New York State Department of Environmental Conservation (DEC) has announced a $13.24-million, five-year partnership with the Adirondack Watershed Institute (AWI) of Paul Smith’s College to administer the Adirondack Park Watercraft Inspection Steward Program (WISP). The announcement, made during Adirondack Day at the New York State Capitol, is expected to protect the Adirondack Park’s resources from the introduction and spread of aquatic invasive species (AIS) that damage ecosystems.
DEC’s five-year contract with the Adirondack Watershed Institute (AWI) runs through December 2027, and is funded from the State’s Environmental Protection Fund (EPF). The contract builds upon New York State’s ongoing commitment, officially launched in 2015, to preventing the spread of AIS in the Adirondack Park. Since that time, the inspection program has expanded to cover nearly 60 locations with approximately 29 decontamination stations where 68,000 inspections were conducted last year alone.
The AIS spread prevention program: reduces the risk of introduction and spread of high-priority AIS into and within the Adirondack region via watercraft and equipment; protects native aquatic species and habitats from potential introductions of AIS; protects water-based recreational resources and local economies; educates recreational watercraft operators of the legal requirements of “Clean. Drain. Dry.” standards required by State law and regulation and assists in achieving compliance; provides self-certification documents as needed by the program; fosters a sense of responsibility and self-motivation in watercraft operators to do their part to prevent the spread of AIS when not assisted by boat stewards; and protects New Yorkers’ investment in publicly owned water.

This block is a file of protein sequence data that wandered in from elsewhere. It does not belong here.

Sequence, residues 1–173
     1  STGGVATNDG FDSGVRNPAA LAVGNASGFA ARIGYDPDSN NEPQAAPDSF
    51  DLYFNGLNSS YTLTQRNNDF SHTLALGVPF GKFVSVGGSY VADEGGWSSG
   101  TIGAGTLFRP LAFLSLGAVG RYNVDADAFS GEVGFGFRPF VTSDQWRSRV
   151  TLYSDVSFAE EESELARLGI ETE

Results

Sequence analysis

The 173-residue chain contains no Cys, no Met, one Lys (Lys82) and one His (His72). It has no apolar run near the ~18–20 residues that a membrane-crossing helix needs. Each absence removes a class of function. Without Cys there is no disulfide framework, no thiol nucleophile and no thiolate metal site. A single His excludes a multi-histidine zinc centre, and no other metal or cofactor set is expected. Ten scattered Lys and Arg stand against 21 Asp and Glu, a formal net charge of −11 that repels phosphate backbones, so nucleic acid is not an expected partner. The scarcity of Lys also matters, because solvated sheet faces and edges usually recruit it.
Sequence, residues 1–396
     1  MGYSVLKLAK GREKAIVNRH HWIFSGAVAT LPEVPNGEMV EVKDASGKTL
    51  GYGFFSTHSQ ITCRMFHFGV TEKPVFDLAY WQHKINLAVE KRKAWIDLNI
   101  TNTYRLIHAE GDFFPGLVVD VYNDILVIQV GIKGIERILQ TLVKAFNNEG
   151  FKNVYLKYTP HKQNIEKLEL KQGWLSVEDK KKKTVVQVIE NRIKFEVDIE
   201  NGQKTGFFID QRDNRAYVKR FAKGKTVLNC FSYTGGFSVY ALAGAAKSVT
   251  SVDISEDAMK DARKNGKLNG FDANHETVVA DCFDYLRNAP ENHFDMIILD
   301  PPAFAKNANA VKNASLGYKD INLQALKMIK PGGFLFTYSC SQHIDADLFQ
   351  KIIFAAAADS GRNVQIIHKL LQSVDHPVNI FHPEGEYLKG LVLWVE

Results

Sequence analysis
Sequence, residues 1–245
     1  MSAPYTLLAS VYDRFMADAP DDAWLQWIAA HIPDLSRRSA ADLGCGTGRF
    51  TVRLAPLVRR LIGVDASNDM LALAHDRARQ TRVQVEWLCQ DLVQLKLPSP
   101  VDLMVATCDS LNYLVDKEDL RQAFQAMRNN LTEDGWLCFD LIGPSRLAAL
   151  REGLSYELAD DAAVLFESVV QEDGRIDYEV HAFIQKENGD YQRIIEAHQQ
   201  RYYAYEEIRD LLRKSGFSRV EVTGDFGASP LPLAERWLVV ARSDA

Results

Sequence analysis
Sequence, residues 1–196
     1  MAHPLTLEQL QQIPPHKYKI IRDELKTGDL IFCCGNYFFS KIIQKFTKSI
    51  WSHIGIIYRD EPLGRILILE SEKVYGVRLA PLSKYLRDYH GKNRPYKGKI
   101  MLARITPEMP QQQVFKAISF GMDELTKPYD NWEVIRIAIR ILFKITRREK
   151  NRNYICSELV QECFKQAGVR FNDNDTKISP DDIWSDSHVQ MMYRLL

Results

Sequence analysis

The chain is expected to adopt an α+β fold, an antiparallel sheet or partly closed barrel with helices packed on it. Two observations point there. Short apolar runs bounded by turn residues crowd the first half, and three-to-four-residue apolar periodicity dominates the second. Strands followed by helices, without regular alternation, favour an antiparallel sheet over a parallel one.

Since the inception of the program, stewards have interacted with more than a half million people and inspected more than a half million boats. Stewards have intercepted zebra mussels, waterfleas, Eurasian watermilfoil, curly leaf pond weed, and hydrilla. Hydrilla is an invasive aquatic plant that is a federally listed noxious weed and prohibited by State regulation. New York State currently invests close to $500,000 per year to control and manage hydrilla in Cayuga Lake and Spencer Pond/Little Nanticoke Creek.
Effective last year, motorized boat users are required to obtain certification that they have inspected and removed potentially harmful aquatic invasive species before launching in waters in, and immediately adjacent to, the Adirondack Park. If a DEC inspection station adjacent to a public waterbody in the Adirondack Park is open for operation, boaters must have either a self-issuing certification or decontamination certificate from a DEC inspection station before launching into the waterbody.
See information on Adirondack boater requirements and to view a video of DEC Commissioner Basil Seggos with Adirondack Watershed Institute boat stewards performing watercraft inspection and decontamination services at DEC’s Port Henry boat launch site, visit DEC’s YouTube page.
To learn more about watercraft inspection steward programs in New York, click here.
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